Come join us
The camels meant a “dry” picnic.
Even though I’m the only member remaining from when we first started our Friday night meetings here in White Sulphur Springs, I do really love my home group.
It began with me in 1978, sitting alone with a Big Book. Then, one person joined me. After a time, two more. Eventually, we had a dozen or so. That was a fine number for a small town. The family of one of the men in the group then started Al-Anon and Alateen groups, which flourished for several years. Although over the many years, our numbers have dwindled to four or five members, we sometimes have visitors from other towns both near and far away. We “keep the lights on” here.
I have wonderful memories of those early days. We held our first AA picnic at a ranch 15 miles out of town. We marked the way there with several roadside signs of camels. All AAs then knew the camels meant a “dry” picnic, but we had one curious traveler who followed them all the way and just had to find out what in the world these camels were doing in Montana. We gleefully explained, but he didn’t seem to get the humor. We invited him to join us, but he declined.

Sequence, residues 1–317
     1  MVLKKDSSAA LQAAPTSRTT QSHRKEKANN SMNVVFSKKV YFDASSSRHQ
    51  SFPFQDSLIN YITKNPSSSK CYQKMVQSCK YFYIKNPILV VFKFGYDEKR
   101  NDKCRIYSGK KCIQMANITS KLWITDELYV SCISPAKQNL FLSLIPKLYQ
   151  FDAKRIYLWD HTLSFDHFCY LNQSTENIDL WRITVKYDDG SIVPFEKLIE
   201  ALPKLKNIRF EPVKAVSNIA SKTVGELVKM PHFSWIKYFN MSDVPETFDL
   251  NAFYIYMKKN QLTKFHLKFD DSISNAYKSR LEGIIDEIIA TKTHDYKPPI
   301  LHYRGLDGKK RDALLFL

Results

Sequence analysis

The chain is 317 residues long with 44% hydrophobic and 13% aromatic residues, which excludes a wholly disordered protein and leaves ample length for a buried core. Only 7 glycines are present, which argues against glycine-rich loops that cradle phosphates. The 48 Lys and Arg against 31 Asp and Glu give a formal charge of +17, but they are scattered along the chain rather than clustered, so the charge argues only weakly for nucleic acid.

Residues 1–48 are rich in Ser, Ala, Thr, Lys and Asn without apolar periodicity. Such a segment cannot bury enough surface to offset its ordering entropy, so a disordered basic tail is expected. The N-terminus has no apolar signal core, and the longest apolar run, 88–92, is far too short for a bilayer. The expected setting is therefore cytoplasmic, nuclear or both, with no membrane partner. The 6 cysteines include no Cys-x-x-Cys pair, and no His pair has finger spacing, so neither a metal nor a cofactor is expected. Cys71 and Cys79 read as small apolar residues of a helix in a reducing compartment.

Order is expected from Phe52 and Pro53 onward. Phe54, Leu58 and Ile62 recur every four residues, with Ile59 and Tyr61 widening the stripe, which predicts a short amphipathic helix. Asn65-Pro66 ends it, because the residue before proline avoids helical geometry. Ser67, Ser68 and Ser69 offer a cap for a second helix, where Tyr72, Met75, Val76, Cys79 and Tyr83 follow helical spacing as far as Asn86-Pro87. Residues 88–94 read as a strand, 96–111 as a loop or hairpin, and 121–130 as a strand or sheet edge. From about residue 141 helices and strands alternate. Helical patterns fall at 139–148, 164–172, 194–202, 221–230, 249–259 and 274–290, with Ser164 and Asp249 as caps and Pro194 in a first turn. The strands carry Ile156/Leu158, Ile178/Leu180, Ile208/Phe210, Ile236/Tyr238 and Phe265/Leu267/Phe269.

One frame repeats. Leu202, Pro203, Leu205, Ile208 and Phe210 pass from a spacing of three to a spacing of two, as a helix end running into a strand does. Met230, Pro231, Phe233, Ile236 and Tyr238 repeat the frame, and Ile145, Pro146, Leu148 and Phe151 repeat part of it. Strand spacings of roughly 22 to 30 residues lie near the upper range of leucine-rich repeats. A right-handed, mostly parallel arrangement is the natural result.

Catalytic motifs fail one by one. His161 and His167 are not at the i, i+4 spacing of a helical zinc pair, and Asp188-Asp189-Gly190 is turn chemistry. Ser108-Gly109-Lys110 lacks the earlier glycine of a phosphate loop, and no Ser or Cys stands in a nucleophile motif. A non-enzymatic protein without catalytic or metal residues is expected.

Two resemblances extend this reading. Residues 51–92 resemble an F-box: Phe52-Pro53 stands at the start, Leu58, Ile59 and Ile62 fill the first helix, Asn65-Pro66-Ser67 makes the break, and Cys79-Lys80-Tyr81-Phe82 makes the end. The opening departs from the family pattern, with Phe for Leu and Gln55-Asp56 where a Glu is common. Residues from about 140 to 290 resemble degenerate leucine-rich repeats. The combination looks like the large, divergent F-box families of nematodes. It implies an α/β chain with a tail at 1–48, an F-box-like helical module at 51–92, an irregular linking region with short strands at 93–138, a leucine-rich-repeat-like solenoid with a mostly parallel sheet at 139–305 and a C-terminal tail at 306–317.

Another wonderful memory is of the time we took our meeting out to a sheep camp for one of our members who couldn’t get to town. One guy picked up a bucket of chicken, some brought other goodies. Imagine his surprise and delight when this caravan came weaving through the sagebrush and he recognized his AA friends! We sat around his campfire and had a great meeting under the stars.
Another memorable night was when we invited the pastor of the church where we met to sit in on our meeting. He listened to all as we shared and when he was asked if he’d like to comment, he said briefly, “I wish I could hear such honesty from members of my congregation.” A high compliment, we thought.
These are only some of the interesting stories of the White Sulphur Springs AA Group, which I am so happy to share with Grapevine readers.